One in four patients who has the blood cancer known as multiple myeloma has

no major symptoms at the time of diag. nosis. The disease, which usually develops after age 60, occurs when a type of white blood cell a plasma cell) found in the bone marrow becomes abnormal, producing cells that multiply uncontrollably myeloma cells). The result is bone erosion, anemia and other complications.

Latest development: With recently discovered drug therapies, more than 90% of patients suffering from this incurable yet treatable cancer can achieve at least a 50% reduction in the size and number of tumors—or even a complete remission, sometimes lasting for up to 10 years.

Are You At Risk?

The exact cause of multiple myeloma is unknown, but there is a small increased risk within families, and an approximately 5% occurrence rate within extended families. A combination of environmental factors, including exposure to agricultural chemicals (such as dioxins) and benzene-related chemicals (such as solvents), is believed to contribute most.

A primary symptom of multiple myeloma is a deep and persistent pain in the spine, ribs and/or hips. Although the pain initially can be intermittent, a progressive, persistent pain ultimately develops.

Important: Anyone who suffers from back or bone pain that isn't related to an injury and that lasts longer than four to six weeks needs a checkup, possibly including X-rays and/or other scans, such as computed tomography (CT). It's best to start by seeing an internist, who may refer you to an orthopedist or rheumatologist. In addition to bone pain, symptoms include…

  • Fatigue. The multiplication of myeloma cells can reduce red blood cell production in bone marrow, causing anemia and weakness.
  • Fractures. Multiple myeloma causes loss of bone density, which increases the risk for bone fractures-even from minor accidents, such as bumping into furniture.
  • Frequent infections. Kidney and/or bladder infections often occur in multiple myeloma patients. That's because the proliferation of abnormal cells can inhibit the production of immune cells that are needed to fight infection.

Diagnosing Multiple Myeloma

Simple blood and urine tests that are performed during a routine physical exam can reveal signs of multiple myeloma. However, more detailed follow-up testing is required if the disease is suspected.

What the doctor looks for…

  • Elevated M proteins. Abnormal plasma cells secrete large amounts of monoclonal immunoglobulin (M protein). If these proteins are present in blood (or in urine), other blood tests may be necessary

Important: Many patients have smoldering myeloma-slight abnormalities that progress slowly over a period of years. They are at higher risk of progressing to multiple myeloma and need frequent monitoring, including blood tests every one to two months.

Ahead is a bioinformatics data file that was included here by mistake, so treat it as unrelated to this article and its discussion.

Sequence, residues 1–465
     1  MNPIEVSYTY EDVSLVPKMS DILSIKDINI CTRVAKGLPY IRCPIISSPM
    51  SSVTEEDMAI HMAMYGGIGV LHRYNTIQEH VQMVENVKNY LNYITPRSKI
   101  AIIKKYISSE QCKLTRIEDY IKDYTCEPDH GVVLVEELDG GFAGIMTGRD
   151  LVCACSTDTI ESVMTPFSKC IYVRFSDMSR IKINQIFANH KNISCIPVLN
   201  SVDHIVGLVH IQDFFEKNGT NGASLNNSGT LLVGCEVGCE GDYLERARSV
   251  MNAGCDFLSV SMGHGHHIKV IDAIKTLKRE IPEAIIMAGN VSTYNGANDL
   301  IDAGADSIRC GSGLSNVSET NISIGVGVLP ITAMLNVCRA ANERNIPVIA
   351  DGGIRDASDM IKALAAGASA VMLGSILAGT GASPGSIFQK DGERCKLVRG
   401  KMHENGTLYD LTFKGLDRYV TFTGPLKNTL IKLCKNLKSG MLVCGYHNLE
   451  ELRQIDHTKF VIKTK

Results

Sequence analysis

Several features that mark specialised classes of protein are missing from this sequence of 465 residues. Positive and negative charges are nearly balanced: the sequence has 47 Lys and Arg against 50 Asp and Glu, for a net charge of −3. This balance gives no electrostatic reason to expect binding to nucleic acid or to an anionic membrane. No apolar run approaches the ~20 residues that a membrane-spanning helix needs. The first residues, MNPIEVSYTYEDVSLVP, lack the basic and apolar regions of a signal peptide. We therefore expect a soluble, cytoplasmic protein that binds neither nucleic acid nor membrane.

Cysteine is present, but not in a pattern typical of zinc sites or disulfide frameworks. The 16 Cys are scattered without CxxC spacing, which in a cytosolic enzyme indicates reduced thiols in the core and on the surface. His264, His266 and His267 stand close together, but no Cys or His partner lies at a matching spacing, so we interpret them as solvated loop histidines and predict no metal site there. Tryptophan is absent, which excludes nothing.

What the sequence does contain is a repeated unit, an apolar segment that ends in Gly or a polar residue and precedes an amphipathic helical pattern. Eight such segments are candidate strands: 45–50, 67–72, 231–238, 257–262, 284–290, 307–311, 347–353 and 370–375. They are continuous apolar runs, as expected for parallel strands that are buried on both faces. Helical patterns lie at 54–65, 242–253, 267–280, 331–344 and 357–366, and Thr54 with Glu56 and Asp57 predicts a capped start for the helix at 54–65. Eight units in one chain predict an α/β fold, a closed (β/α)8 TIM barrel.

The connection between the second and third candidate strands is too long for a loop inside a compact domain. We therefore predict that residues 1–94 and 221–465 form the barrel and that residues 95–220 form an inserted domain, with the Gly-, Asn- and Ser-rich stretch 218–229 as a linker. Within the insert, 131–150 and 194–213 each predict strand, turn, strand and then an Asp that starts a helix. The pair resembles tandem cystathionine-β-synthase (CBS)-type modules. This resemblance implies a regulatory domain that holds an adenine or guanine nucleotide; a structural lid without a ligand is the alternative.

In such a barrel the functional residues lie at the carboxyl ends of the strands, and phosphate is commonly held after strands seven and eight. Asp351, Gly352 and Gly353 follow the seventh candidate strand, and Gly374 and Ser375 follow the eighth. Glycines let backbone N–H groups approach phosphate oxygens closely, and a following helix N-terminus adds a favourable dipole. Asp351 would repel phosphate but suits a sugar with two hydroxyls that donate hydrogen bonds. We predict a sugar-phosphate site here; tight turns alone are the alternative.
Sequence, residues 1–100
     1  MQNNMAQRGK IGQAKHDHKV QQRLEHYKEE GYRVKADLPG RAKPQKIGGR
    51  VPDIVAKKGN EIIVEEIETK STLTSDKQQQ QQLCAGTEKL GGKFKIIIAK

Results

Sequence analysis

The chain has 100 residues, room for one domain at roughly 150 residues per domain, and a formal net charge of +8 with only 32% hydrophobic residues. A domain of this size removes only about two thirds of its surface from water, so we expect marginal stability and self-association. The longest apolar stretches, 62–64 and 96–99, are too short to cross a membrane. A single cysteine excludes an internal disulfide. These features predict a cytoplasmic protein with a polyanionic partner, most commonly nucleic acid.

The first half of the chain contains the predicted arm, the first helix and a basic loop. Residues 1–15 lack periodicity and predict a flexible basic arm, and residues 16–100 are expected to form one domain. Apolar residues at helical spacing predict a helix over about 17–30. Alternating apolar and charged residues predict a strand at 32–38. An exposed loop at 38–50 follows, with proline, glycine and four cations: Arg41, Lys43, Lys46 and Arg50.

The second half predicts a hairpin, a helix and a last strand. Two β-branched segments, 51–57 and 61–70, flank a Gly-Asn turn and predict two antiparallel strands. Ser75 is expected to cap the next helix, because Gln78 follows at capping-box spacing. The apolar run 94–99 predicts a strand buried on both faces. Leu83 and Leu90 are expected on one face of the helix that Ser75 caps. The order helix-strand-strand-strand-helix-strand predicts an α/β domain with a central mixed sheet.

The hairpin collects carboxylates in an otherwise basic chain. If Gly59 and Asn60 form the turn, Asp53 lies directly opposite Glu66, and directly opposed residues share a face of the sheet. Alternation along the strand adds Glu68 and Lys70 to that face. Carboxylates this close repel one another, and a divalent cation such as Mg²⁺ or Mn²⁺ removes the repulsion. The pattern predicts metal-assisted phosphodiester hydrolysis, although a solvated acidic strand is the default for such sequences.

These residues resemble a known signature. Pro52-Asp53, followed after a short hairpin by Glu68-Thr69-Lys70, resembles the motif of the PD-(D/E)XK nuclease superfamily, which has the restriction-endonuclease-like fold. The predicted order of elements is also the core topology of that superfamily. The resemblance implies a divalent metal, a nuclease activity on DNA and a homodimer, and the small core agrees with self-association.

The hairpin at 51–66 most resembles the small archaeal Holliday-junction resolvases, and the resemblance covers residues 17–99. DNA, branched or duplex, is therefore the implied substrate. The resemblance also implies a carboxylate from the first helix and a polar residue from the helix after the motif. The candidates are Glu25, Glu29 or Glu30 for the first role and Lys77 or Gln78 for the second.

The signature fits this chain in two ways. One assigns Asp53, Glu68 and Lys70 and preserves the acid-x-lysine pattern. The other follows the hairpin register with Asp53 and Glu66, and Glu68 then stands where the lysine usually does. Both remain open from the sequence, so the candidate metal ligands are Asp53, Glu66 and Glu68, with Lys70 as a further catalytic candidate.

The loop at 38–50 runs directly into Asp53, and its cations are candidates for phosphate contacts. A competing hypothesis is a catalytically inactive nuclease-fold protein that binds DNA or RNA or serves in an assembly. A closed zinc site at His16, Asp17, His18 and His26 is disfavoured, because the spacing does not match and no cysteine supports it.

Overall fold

• Anemia. This is the most common indicator of myeloma cell buildup in bone marrow.

Other warning signs: Low white blood cell or platelet counts or elevated serum levels of beta-2-micro-globulin (another protein produced by myeloma cells).

If blood and urine tests point to multiple myeloma, X-rays, a CT scan or a magnetic resonance imaging (MRI) scan will be needed to check for a loss of bone density. A bone marrow biopsy can be performed to confirm the presence of myeloma cells.

Best Treatment Options

When a diagnosis of multiple myeloma is established, drug treatment is required, even if the patient has no symptoms. Treatment can delay the onset of symptoms...or relieve discomfort and minimize complications once symptoms start. Treatment includes oral or intravenous drugs that eliminate myeloma cells. Other measures include radiation treatments and bone therapy with bisphosphonate drugs, such as pamidronate (Aredia), to improve bone healing and strength. Main drug therapies...

  • Thalidomide/dexamethasone. Thalidomide, used to treat morning sickness in the 1950s, was withdrawn from the market when it was found to cause severe birth defects. It's recently been found to be extremely effective for multiple myeloma-and very safe as long as it's not taken by pregnant women.

When combined with the steroid dexamethasone, thalidomide inhibits the growth and spread of myeloma cells and doesn't cause the side effects of chemotherapy. About 70% of patients who take this drug combination improve significantly, and about 35% have excellent results or even a remission.

  • Velcade/Revlimid. Both are new drugs developed for multiple myeloma-particularly for resistant forms that don't respond to other treatments. Like thalidomide, they're combined with dexamethasone, but they have a higher success rate...and are better tolerated than older chemotherapy drugs.
  • High-dose chemotherapy/stem-cell transplant. Until new drugs were discovered in the late 1990s, this was considered one of the best treatments—and it still is the standard of care following initial therapy with other drugs.

How it works: Patients take drugs for three to six months to achieve a partial remission. Injections are given to stimulate the release of immature blood cells (stem cells) from the bone marrow into the blood, and the stem cells are then "harvested." Next, patients take very high doses of a chemotherapy drug to wipe out the myeloma cells remaining in the bone marrow. The original stem cells are then reintroduced intravenously to replace the damaged bone marrow.

About half of patients who receive high-dose chemotherapy and stem-cell transplant can achieve a remission, and most have a significant reduction in symptoms.

A Persistent Itch May Be A Sign of Skin Cancer

Any skin irritation that persists for weeks A may be early-stage skin cancer, especially if it increases in size, changes color or bleeds. See a dermatologist—he/she usually can tell quickly whether an irritation is benign or cancerous.

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